Fatehpur Sikri was our first stop for day 6. Fatehpur Sikri was once the capital of the Mughal empire built by Akbar himself in the 1500’s. It was abandoned shortly after due to the lack of water and intense heat, which we witnessed firsthand. It was well over 105 F with about 80-90% humidity. Today it is a ghost town built of red sandstone . . . but if you looked through the hallucinations of dehydration, you could picture it as it once was a beautiful palace and capital of a huge empire.
From Fatehpur Sikri we continued on our way to Jaipur, stopping at a rural Indian village called Anterhera. We took a tour of the school and were even able to meet the matriarch of the village. It was a refreshing experience as none of the children were begging and we did not have to pay for every picture we took. The villagers seemed to be as intrigued by us as we were by them. Clayton was very involved in this stop, drawing pictures on the children’s blackboard and asking everyone in sight “Aapka naam kya hai?” (“hello, what is your name?”) At the end of our visit we were all taking turns having our photograph taken with the village matriarch. Clayton took one side, I took the other. Apparently she was intrigued by my sunglasses and pulled them off of my face . . . she then asked us something in Hindi and as we had no idea what she was saying (thought she was asking to try them on) we said “yes, go ahead!” She did indeed try them on and promptly waved good-bye to us. It was obvious then that she must have asked if she could have them. As she seemed delighted with her new acquisition I decided to wear my back up $5 Wal-Mart sunglasses with skull and crossbones in the corner for the rest of our vacation.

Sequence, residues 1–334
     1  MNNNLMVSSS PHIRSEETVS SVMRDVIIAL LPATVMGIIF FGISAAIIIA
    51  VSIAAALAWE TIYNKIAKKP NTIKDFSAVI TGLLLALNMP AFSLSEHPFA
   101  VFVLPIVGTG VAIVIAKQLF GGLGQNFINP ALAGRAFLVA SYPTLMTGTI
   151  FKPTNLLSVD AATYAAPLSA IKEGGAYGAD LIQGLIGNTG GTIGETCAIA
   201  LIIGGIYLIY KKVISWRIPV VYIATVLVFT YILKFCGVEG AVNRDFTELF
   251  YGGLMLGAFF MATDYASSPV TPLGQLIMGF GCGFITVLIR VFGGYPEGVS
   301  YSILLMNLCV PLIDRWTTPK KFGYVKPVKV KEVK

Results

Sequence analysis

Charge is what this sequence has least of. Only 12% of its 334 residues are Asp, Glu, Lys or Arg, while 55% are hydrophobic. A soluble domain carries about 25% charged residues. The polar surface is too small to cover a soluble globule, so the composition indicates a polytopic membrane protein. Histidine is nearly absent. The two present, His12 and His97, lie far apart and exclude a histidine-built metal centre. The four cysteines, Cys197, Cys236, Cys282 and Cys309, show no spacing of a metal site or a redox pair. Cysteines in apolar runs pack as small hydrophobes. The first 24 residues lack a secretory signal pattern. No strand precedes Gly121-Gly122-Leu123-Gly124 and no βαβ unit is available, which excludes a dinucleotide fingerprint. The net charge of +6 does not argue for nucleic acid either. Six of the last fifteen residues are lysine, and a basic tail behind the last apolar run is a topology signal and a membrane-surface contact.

Our final stop for the day was the bazaar in Jaipur. It was both delightful (as the streets were packed with vendors, colorful goods, sights and smells) and frightening (never knowing if you will return to the outside once you entered into a store, pushy vendors, pickpockets, etc). It does get a little tiring when you know they are increasing the price 10 fold when an American is sighted. I had wanted an article of clothing and when I asked how much I was told 1,200 rupee ($24 US). I knew good and well this piece of fabric was not worth that much and offered 100 rupee ($2 US). The man appeared to be offended and stated that it was hand stamped fabric, worth so much more, I was asking for it for free, etc. I ended up buying it for 200 rupee ($4 US). Take that!! My mother would be proud.